Tuesday, August 17, 2010

Springfield, Part One.

After a whirl-wind, last minute, packing frenzy last week, Angie and I boarded a plane and flew to Springfield, our undergrad alma mater, for our short vacation and Saturday night engagement party.  Naturally, we stayed with Rex and Rosemary, Angie's mom and stepdad, in their house at the country club.  Not surprisingly, the house is the stuff dreams are made of.  We could probably fit our entire home into Rex and Rosemary's front room.  It is an extraordinary house for extraordinary people.  It is truly the kind of home one expects to see in Better Homes and Gardens.  I was impressed, to say the least.  And not only is the home simply amazing, Rosemary has exquisite taste, not surprisingly, and everywhere one looks in that home is like a snapshot of "the perfect home" in my mind.  The truth is, the very house itself intimidated me.

In addition to it being a wonderful home, it is situated on, I believe, the eleventh hole of a beautiful golf course.  Angie and I would sit on the back downstairs patio every morning and watch the golfers (and there were a lot of golfers this weekend because there was, unbeknownst to us, a PGA tournament this going on) stroll by as we had our coffee.

Rex is a retired pathologist and as smart as a whip.  We both have a blazing curiosity about The Civil War (nerd that I am).  Oddly, he has never read one of my favorite books on the subject, the Pulitzer Prize-winning Killer Angels.  I plan to send it to him today.

So Rex and Rosemary picked us up at the new fancy-schmancy Springfield airport (gone are the pig feet in a jar and in their place one can now purchase a candy bar) and then took us to eat steaks at a great cowboy restaurant not too far away.  After chowing on Flinstonian-sized beefsteaks we drove to the "house on the lake."  It's one of those houses so large and beautiful it really should have a name like "Loch House" or "Tara" or "The Compound."  Not only was Rex a very successful doctor throughout his career but also a savvy investor with an eye for real estate.  Angie's parents, of course, are unimaginably humble and gracious and pretended not to notice how in awe I was of my surroundings.

The only drawback to the trip was the heat and humidity.  Oddly, we left the usual heat-infested west coast of 70 degree weather and flew into a freakish heat-wave in Missouri.  With the exception of our last day in Springfield, the heat index tipped the scale around 110 degrees while we were there.  Incidentally, we flew Allegiant, which takes the concept of "no frills" flying to a new level.  If you ask the stewardess a question it costs five dollars.  The answer itself costs another five.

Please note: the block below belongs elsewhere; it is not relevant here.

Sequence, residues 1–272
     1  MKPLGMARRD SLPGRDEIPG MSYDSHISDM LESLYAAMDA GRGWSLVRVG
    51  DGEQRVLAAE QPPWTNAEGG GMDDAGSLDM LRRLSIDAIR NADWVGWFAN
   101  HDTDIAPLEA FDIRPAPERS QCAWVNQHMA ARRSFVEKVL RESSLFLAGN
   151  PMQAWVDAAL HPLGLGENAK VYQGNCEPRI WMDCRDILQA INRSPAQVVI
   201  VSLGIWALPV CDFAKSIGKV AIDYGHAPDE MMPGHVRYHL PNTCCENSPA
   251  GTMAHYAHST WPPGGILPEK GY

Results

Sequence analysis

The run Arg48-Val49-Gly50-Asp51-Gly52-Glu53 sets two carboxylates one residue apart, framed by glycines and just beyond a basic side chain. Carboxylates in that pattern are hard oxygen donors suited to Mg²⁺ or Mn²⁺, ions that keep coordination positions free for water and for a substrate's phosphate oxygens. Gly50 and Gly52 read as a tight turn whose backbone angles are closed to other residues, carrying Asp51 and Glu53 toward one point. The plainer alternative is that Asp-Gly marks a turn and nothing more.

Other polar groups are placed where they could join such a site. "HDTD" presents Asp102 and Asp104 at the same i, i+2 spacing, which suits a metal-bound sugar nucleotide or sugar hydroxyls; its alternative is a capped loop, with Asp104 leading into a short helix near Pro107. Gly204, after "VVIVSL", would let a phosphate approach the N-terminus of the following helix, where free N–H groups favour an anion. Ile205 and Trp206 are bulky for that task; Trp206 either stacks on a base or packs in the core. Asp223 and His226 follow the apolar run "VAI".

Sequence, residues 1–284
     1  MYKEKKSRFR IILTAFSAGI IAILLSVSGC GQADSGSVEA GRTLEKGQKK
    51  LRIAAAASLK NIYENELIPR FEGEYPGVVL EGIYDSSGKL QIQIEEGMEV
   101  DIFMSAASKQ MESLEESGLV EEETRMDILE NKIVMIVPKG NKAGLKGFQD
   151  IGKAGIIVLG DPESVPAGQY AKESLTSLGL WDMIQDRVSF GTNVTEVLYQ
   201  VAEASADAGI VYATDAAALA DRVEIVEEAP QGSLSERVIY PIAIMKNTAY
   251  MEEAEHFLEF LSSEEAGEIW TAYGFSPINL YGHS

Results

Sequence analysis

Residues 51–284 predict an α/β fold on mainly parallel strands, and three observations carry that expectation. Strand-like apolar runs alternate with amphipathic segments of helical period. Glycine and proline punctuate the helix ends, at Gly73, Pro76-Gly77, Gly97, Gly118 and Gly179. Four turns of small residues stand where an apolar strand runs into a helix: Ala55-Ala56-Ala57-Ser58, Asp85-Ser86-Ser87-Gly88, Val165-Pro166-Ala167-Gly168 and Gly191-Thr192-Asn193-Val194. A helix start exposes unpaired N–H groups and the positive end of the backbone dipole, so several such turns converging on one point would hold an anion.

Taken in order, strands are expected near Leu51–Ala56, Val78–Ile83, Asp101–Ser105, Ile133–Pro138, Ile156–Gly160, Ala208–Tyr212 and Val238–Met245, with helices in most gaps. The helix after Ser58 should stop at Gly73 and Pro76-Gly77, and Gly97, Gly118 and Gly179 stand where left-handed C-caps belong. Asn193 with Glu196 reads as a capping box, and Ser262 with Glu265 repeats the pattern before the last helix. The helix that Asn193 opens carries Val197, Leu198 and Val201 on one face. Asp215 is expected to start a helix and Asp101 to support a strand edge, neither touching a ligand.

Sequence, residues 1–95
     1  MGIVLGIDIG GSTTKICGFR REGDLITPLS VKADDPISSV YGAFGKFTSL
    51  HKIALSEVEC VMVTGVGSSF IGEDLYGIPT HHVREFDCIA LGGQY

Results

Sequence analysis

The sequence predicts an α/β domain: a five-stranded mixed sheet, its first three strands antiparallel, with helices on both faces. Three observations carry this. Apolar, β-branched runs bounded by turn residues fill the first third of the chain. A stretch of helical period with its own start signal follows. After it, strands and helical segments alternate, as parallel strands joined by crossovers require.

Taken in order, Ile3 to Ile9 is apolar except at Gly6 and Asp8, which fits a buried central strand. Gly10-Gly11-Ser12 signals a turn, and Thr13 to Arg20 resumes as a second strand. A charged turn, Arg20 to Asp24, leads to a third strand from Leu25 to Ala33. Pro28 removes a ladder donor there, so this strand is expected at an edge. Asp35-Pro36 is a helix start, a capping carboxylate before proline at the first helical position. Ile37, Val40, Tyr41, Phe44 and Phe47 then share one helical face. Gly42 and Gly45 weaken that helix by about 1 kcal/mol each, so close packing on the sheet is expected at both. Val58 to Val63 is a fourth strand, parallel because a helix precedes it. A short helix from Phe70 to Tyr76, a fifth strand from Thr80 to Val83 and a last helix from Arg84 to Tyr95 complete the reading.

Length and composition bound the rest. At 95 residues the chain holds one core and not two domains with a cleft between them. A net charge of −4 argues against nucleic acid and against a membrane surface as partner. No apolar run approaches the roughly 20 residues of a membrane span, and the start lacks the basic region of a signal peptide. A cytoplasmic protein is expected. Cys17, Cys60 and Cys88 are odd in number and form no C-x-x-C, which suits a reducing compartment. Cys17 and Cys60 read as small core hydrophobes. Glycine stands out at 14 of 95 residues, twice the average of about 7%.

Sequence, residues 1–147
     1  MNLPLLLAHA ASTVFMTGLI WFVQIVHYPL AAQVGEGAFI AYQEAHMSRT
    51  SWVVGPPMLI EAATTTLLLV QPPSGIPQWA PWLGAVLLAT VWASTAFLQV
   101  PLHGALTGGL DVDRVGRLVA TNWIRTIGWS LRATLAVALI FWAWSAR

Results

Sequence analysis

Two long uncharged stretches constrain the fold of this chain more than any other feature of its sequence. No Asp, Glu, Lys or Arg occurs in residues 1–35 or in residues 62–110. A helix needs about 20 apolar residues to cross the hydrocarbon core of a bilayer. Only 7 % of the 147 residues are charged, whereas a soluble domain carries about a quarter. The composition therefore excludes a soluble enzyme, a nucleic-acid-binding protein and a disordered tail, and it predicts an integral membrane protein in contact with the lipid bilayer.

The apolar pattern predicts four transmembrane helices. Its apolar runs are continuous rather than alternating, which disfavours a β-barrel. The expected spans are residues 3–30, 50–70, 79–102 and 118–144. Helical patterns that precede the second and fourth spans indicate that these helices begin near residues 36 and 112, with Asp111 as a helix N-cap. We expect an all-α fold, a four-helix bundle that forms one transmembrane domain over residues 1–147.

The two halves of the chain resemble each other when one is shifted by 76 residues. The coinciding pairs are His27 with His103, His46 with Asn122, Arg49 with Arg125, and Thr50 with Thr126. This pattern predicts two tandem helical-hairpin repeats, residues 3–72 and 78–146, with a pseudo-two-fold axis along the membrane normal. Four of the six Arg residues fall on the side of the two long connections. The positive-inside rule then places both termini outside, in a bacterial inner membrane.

So Angela and I finally got to bed and slept like the dead after our day of traveling.  We awoke to Hiroshima-like temperatures and started planning for "the party."  I kind of had an idea that we would stick a keg of PBR in the middle of the room, blow up some old balloons that said, "World's Greatest Golfer" that were tucked away in the attic, put some of those celery halves with peanut butter in the middle on a folding card table and that would be it.  Oh, dear God, no.  Obama's inauguration party looked like a day at the bowling alley compared to the preparation that went into this thing.  I loved it.

We rented a karaoke machine for the party (which ended up being a total disaster...more about that in tomorrow's blog) and began gathering food stuffs from all around town.  Angie had five or six of her closest friends come in the following day to spend hours in the kitchen preparing exotic and tasty tidbits.

The temperatures soared all day Friday and we braced ourselves for Saturday and the party itself.

One amusing moment came on Friday when Rex and Rosemary decided to take us to "the club" for lunch.  As I mentioned, a PGA tournament was underway the entire weekend so security was tight.  We just wanted a sandwich or something.  The Golf Course Clubhouse is right around the corner so we drove over and walked into the dining room.  The lady in charge of keeping ne'er-do-wells away from the event stopped us at the door.  She demanded to see our "passes" and our identification (our "papers" in NAZI parlance).  For a moment it appeared she might attempt to tazer Rosemary.  She was a deadly-serious woman, stocky with a lot of upper body strength, and I prepared to throw myself in front of her while the others made a hasty getaway.  Fortunately, Rosemary produced the required documentation and we were allowed to eat a sandwich.  Still, the SS lady was none-too-pleased about it and I kept a wary eye on her during lunch.  Although she didn't appear to be armed, there were a lot of blunt objects around and she still had the mean look of a trained German Shepherd in her eye.  It was touch and go there for a bit and I think if we had ordered desert she might have snapped.

But it all turned out okay and Angie and got to bed late and braced ourselves for the Saturday preparations.

More on that tomorrow.